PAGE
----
No one can deny that COVID-19 has been an unprecedented struggle for everyone. But thanks to the rapid development of technology, we found new possibilities in the chaotic pandemic. Virtual Reality (VR) is certainly a rising star in the educational field that demonstrates how technology can be utilised to optimise students’ performance in learning.
Is Virtual Reality training successful at developing student’s skills?
While face-to-face interaction is crucial to the development of social skills, usage of VR to assist in the learning is proven to be able to improve student’s performance in technical, practical, and socio-emotional skills by 30%. For each additional hour of training, students exposed to VR training score 3% higher in assessments. Research also finds that students are more confident in learning when VR is applied in their curriculum.
Advantage of Virtual Reality training
1. Elimination of physical limitation
Inside virtual reality, physical laws of reality no longer apply. Students can bisect a stimulated frog in the air and observe its structure, or investigate the composition of an aeroplane by lifting it without using any giant crane. It is a space constructed by the creativity that grants students the autonomy to explore the boundless world with a brand new experience that cannot be done in reality.
2. Immersive learning environment
VR is all about ‘visualisation’. Students can teleport anywhere right after they put on the VR headset. Be it a medieval church or a futuristic laboratory, or even outer space! Rather than looking at pictures and imagining, VR is like a time and space travel machine that allows students to actually place themselves into the environment mentioned in the textbook. Students face less distraction from their physical surroundings. Instead, they are encouraged to examine the surroundings in detail inside the virtual reality.
3. Additional Practice
No matter which subject it is, ‘practice makes perfect’ is always the golden rule. VR allows practices to be done without adding extra cost to providing practice material. At the same time, students can still experience the same level of stress and danger in the situation, which prepares them to overcome obstacles calmly in real life. It is especially welcomed by medical courses as Harvard Business Review points out that the efficiency of performing surgical procedures can be raised by 230% when surgeons are VR-trained.
4. Customised Sensory Aids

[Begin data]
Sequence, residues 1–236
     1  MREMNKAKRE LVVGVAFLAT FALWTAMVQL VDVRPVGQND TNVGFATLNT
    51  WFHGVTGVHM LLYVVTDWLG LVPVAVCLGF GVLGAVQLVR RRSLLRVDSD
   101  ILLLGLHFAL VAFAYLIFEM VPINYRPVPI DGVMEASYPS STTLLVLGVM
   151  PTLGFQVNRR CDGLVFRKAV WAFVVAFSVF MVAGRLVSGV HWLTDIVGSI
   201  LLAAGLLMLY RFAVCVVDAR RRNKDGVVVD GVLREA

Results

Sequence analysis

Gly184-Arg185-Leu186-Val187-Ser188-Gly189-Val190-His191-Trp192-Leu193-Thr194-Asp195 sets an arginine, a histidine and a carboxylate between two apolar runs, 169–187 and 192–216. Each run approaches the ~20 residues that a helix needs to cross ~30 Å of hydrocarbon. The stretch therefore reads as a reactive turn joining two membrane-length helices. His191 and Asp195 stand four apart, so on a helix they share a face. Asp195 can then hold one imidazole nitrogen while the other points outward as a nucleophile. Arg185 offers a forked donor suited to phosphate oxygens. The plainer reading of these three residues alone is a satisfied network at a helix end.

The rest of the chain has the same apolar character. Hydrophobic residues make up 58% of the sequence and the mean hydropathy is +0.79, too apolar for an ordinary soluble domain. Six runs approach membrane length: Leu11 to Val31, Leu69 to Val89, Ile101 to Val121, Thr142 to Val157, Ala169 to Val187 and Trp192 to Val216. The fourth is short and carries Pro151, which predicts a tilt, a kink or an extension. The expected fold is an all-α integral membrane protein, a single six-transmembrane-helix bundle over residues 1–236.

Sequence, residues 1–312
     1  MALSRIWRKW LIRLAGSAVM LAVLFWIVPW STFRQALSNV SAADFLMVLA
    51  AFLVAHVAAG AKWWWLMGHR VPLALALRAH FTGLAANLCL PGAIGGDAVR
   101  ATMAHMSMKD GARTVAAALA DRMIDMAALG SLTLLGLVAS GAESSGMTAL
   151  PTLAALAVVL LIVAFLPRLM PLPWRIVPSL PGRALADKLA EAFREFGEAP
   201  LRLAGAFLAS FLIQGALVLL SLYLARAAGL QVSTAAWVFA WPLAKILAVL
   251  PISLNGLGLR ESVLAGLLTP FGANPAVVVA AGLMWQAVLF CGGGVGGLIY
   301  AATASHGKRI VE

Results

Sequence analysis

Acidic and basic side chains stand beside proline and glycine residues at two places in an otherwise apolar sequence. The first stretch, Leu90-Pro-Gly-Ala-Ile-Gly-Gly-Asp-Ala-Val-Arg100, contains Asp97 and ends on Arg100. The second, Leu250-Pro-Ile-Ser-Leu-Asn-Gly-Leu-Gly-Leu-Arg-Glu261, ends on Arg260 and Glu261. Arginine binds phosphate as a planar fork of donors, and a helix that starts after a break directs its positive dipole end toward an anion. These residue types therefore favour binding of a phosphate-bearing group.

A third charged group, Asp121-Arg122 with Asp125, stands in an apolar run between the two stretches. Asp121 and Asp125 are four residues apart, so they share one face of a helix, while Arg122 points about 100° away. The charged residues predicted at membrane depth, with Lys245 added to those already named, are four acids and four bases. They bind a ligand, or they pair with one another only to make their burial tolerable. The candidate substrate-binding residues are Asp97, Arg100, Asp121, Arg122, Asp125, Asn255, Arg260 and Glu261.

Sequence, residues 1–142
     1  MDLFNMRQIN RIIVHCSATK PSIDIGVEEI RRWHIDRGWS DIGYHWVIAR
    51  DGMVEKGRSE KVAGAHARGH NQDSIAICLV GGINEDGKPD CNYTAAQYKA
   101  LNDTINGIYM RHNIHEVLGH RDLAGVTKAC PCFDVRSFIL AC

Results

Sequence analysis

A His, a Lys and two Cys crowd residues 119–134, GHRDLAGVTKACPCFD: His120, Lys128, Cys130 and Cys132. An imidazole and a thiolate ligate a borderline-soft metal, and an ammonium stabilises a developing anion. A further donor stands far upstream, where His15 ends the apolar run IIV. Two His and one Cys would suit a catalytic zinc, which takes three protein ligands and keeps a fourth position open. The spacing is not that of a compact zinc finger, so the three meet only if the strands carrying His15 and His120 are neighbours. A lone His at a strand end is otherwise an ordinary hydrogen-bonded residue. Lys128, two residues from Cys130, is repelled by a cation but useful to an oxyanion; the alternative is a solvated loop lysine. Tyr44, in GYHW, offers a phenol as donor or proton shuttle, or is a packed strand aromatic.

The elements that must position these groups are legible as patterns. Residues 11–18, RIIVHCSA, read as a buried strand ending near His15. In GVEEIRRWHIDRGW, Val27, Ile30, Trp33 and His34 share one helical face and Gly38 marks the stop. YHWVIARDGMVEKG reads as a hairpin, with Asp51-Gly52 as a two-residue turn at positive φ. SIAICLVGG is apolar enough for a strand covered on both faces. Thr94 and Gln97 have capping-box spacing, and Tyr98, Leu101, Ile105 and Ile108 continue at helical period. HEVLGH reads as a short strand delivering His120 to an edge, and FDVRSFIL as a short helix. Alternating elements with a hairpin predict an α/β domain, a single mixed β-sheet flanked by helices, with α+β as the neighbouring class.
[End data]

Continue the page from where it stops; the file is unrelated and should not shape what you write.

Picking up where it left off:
While it is almost impossible to create a learning environment that suits best everyone in a 30-person classroom, VR offers a more flexible setup for both teachers and students. An instant language translation, zoom in/out of images, and adjustment of colour contrast can all be done by a few clicks in settings. It helps to build a more inclusive environment to adapt to the needs of students. In fact, virtual learning is found to have a recognisable reduction in ‘deviation’ compared to the traditional teaching method.
5. Diversified learning model
Being asked to focus on plain text can be quite challenging, especially for students with different degrees of special education needs. VR learning is supplemented with various forms of teaching material, such as 3D images, audio, and video which will definitely help to increase students’ retention. This game-like interactive learning experience is a combination of multiple memorisation triggers, resulting in an improvement in teaching outcomes.
Existing Educational VR Projects
After understanding why VR is gaining unstoppable popularity in education, here are some real-life examples of educational programs that incorporate VR:
1. Universe Sandbox 2
A space simulator that visualises the real-time gravity, climate, and collision while users immerse in the universe.
2. The Body VR
Designed for medical students, The Body VR allows users to ‘travel’ inside the human body and understand how cells carry out their function.
3. Google Earth VR
Feel the urge to travel? Google Earth VR lets you visit the world’s attractions without leaving your house.
4. 3D Organon VR Anatomy
It is the first interactive human anatomy application that features all 15 body systems and more than 4,000 realistic anatomical models.
5. The VR Museum of Fine Art
1:1 scale sculptures and paintings are displayed in this room-scale virtual museum. Free from the limitation of protective glass, you can appreciate artworks in the closest distance ever.
Learning Through A Lens
VR technology is not as new as it may sound. The growth of investments in VR has been steadily increasing to more than $2.5 billion per year since 2012. In the situation that we were all confined in our own spaces, people found it a great opportunity to explore the applications of VR. You will see more and more companies and institutions gradually adapt to this innovative learning method to boost their effectiveness. Certainly, it may also be a mind-blowing experience for you to widen your horizon!
Source : ARpost, World Economic Forum